The liquefied natural gas market looks to be tight in the years ahead given a shortage of new projects lined up, partly due to rising costs as demand for contractors to do the work has surged, Chevron Corp's vice chairman said on Wednesday.
Some Australian LNG export capacity already has been scrapped, while Chevron was forced to add $15 billion to the price tag for its huge Gorgon LNG project in Western Australia.
"The rising costs of contracting will impact the economics of projects, and could temper the industry's willingness to invest," George Kirkland, who runs the U.S. company's oil and gas production arm, said of the industry in general. "The supply is there. Really the question then becomes: can we bring it to market?"
With another large Western Australia LNG export project due to start up for Chevron at Wheatstone in 2016 - less than two years after Gorgon - and with the most advanced one in Western Canada at Kitimat, Kirkland said his company felt pleased it moved fast enough to meet growing Asian demand for natural gas.
The cycle time for LNG plants between front-end engineering design (FEED) work and first gas shipments could run up to eight years, Kirkland said in a lunchtime address to investors at the BarclaysCEO Energy-Power conference in New York. Plus, entering that FEED stage represented a $1 billion commitment, he added.
Kirkland saw Canada as a better opportunity for LNG plants than Chevron's home country, simply because it had a long and unbroken tradition of exporting energy.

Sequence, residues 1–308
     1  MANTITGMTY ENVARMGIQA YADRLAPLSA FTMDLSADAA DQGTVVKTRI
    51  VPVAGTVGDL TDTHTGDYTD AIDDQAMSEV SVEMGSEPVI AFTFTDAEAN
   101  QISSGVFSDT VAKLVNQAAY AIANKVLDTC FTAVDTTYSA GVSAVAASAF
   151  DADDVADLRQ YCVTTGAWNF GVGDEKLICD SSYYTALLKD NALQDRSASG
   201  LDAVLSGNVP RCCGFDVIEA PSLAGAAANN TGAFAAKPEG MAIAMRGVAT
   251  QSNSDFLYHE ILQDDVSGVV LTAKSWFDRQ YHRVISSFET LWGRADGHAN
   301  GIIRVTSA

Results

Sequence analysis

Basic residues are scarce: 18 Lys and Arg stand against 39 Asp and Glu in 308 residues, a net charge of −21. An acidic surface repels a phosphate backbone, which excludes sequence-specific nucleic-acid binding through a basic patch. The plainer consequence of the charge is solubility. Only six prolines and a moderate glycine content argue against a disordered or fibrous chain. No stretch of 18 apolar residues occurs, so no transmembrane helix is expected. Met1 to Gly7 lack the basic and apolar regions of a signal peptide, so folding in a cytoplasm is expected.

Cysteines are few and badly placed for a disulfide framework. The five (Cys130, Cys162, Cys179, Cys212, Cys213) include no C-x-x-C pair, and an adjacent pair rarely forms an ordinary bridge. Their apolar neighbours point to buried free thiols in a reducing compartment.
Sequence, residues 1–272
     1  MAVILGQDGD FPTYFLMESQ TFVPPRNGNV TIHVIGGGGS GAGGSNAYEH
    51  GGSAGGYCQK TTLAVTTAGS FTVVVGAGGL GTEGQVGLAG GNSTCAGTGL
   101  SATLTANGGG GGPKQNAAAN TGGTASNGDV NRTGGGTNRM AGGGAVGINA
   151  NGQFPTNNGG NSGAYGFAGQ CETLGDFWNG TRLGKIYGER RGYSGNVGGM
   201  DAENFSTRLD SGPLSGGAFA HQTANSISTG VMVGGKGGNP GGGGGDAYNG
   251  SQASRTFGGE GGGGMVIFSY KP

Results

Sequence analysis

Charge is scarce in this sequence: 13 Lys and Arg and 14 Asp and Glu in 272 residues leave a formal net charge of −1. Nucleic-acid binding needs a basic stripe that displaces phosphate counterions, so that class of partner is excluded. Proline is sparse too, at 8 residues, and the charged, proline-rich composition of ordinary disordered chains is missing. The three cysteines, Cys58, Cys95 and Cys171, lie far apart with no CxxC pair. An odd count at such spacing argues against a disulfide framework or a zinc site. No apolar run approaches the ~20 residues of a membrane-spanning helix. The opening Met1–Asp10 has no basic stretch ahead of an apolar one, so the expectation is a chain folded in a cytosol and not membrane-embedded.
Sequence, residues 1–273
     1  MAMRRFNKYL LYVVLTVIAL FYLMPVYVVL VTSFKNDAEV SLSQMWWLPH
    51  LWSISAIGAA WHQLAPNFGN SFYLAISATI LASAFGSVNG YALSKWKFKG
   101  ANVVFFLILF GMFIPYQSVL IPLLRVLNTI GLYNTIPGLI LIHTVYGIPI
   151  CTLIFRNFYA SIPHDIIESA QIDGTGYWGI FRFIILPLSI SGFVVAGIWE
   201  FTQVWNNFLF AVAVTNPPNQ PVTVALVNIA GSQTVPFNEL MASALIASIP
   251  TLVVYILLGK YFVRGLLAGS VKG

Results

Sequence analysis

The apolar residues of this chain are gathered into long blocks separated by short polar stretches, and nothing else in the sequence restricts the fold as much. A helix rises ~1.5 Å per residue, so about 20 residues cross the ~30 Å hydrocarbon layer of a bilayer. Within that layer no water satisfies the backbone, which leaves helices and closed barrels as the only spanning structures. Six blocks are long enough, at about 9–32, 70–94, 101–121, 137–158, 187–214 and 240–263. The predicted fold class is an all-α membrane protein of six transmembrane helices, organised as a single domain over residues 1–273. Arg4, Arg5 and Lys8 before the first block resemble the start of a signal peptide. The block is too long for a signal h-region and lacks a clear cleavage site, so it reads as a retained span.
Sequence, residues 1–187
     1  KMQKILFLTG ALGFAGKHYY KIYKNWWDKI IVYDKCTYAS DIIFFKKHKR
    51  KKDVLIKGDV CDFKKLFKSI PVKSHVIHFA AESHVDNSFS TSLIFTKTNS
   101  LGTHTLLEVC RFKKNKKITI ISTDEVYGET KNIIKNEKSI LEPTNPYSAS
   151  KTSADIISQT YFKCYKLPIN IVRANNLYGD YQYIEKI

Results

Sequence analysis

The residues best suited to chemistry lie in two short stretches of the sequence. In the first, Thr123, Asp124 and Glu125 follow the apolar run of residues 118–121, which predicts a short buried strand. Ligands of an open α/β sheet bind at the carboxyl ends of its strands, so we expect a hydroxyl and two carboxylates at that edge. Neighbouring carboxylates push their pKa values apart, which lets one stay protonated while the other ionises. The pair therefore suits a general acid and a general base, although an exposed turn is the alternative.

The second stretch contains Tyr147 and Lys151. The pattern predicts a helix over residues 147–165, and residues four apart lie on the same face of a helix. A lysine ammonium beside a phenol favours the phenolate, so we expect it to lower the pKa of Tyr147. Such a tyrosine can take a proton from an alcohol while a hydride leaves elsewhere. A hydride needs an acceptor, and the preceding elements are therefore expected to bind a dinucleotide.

He was speaking right before the U.S. government gave its approval for exports from a proposed fourth LNG export facility at Cove Point, Maryland, on Wednesday.
As for meeting Asian demand with gas closer to home, he cast doubt on the most ambitious assumptions about shale in China.
While Chevron was encouraged by early assessments of its own interests there, Kirkland said on a recent trip to China he had heard talk generally of a "considerable reduction in the potential" in the country overall, following early estimates that it had more shale gas than anywhere else in the world.
"Time will truly tell, as it always tells in our business," Kirkland said. "I always get reminded that we have views, and those views get turned around later, both up and down."